Clive Davis NYC Blockbuster Show Will Start with a Gershwin First and a Jennifer Hudson First, Each Featuring the NY Philharmonic



Home Celebrity Clive Davis NYC Blockbuster Show Will Start with a Gershwin First and…


EXCLUSIVE George Gershwin wrote the 14 minute instrumental “Rhapsody in Blue” in 1924. Always a classical and jazz favorite, the music defines New York. Woody Allen’s movie, “Manhattan,” turned it into a hit record.

Saturday night at 5pm the New York Philharmonic- the entire orchestra, not just a piece of them– will open Clive Davis’s Welcome Back NYC mega concert by doing something never allowed before: they will bookend a medley of the most famous songs about New York with “Rhapsody.” They will open with the first two minutes and end the medley with the final, resounding section of Gershwin’s classic.

When orchestras play “Rhapsody” they agree only to play it in its entirety. This is the first time it’s been broken into pieces. Davis himself had to call the Gershwin Estate, explain the situation, and get their approval. The person who told me this last night was wide-eyed. He couldn’t believe the Gershwins agreed. But no one says no to Clive Davis.

Sandwiched in between the two “Rhapsody” pieces will be Kander & Ebb’s “New York, New York”; the “New York, New York” from “On the Town” (the Bronx is up and the Battery’s down) and Billy Joel’s “New York State of Mind.” People who’ve heard the whole thing say there isn’t a dry eye in the house when this is all played.

Some other Concert gossip: Jennifer Hudson will perform something special that she’s done before maybe once, in a tribute to Aretha Franklin, with the Philharmonic. Cynthia Erivo, who also played Aretha Franklin this year in the “Genius” mini-series, will be singing a non Aretha song. There will not be “dueling Aretha’s.” As Cynthia said to me yesterday, “Certainly not dueling!” She and JHud are friends.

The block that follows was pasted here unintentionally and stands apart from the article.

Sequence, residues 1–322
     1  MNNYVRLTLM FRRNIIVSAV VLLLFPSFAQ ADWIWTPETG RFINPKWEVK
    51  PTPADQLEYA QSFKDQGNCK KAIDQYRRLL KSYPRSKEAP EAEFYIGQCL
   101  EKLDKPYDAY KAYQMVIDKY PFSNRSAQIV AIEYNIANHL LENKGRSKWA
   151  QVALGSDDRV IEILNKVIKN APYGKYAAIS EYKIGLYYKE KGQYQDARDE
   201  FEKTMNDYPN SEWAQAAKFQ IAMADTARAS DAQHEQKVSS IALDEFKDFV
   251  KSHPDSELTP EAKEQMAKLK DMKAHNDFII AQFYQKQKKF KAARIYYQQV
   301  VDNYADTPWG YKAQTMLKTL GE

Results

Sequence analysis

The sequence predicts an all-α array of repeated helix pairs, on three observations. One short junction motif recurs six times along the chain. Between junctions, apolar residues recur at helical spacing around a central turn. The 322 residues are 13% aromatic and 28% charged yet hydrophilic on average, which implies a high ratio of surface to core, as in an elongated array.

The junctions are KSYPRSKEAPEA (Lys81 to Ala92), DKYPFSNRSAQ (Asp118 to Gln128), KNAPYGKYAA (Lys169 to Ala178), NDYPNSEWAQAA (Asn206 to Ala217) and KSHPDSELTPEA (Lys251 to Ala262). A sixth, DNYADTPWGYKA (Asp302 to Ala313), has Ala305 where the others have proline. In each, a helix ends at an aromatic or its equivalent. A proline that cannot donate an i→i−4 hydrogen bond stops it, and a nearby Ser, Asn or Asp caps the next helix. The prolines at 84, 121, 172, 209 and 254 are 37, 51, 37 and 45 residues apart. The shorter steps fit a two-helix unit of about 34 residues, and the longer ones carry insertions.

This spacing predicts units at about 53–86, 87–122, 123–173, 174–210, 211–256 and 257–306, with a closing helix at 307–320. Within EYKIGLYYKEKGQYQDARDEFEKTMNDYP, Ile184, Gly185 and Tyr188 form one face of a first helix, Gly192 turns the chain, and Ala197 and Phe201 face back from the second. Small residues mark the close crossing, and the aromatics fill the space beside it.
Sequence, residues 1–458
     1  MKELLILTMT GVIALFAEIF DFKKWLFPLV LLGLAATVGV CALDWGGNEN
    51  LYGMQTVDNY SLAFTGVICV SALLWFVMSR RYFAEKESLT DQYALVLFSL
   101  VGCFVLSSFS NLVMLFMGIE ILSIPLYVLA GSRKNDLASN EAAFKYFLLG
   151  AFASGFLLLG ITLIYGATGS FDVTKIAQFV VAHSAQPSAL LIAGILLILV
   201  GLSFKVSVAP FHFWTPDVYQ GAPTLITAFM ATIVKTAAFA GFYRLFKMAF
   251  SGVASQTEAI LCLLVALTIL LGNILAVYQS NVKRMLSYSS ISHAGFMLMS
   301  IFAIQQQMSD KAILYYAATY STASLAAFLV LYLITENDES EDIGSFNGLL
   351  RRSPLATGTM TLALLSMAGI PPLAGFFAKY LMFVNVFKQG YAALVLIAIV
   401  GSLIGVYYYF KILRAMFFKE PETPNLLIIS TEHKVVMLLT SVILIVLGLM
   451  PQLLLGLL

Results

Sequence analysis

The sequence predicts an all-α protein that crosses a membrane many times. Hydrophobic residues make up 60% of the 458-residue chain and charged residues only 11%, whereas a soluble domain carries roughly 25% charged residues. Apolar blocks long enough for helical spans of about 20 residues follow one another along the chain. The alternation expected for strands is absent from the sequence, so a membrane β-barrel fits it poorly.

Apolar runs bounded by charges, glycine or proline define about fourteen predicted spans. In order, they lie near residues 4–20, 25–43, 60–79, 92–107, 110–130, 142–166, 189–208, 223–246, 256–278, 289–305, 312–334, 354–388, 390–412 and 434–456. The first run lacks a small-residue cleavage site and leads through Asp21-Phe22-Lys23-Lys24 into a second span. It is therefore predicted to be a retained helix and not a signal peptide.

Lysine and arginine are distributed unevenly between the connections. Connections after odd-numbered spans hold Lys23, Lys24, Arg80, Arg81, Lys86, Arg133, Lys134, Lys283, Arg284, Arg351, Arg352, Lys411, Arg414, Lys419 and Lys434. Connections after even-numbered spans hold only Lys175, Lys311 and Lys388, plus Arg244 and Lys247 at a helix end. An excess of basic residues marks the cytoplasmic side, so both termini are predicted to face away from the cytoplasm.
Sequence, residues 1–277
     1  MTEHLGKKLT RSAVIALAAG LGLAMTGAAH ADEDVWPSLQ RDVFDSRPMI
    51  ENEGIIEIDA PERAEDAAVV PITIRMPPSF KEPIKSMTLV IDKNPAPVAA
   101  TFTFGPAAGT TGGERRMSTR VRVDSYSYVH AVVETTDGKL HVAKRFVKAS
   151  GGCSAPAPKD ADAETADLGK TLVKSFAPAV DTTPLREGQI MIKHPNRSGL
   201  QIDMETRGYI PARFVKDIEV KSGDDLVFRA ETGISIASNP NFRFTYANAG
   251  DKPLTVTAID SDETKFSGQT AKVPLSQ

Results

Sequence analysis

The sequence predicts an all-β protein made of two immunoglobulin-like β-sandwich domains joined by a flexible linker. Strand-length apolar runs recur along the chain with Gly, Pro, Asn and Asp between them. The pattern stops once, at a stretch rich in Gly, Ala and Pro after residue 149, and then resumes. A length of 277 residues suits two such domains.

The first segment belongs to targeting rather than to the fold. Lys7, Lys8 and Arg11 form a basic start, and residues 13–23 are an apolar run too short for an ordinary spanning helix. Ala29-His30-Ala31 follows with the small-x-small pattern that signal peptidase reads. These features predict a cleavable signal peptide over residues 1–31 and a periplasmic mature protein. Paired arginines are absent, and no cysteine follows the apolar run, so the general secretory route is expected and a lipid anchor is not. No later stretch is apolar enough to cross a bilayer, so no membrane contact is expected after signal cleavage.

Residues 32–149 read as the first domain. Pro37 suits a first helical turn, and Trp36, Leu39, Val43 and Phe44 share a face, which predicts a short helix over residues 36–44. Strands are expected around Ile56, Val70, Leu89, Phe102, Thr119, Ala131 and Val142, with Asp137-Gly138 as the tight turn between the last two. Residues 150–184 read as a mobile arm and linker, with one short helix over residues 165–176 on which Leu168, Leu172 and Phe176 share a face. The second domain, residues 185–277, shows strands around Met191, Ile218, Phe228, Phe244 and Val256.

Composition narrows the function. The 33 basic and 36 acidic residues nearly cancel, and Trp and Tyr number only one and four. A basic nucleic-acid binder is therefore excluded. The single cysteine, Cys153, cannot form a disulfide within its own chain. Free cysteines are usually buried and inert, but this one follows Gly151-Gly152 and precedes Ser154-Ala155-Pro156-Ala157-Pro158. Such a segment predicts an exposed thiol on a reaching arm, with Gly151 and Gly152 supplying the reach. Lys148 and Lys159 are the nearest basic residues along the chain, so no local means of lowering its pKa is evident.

The five hour show will end with a Paul Simon song. I won’t tell you what it is, but it’s meaningful to Clive, who shepherded Simon & Garfunkel through their groundbreaking five year career in the Sixties. Don’t worry, Bruce Springsteen is fine with this. Always a mensch, he’s deferring to his elder.

The show runs from 5pm to 10pm and ends sharply when the clock strikes 10. It’s going to be five jam packed hours!

Author

Roger Friedman began his Showbiz411 column in April 2009 after 10 years with Fox News, where he created the Fox411 column. He wrote the Intelligencer column for NY Magazine in the mid 90s, reporting on the OJ Simpson trial, as well as for the real Parade magazine (when it was owned by Conde Nast), and has written for the New York Observer, Details, Vogue, Spin, the New York Times, NY Post, Washington Post, and NY Daily News among many publications. He is the writer and co-producer of “Only the Strong Survive,” a selection of the Cannes, Sundance, and Telluride Film festivals, directed by DA Pennebaker and Chris Hegedus.

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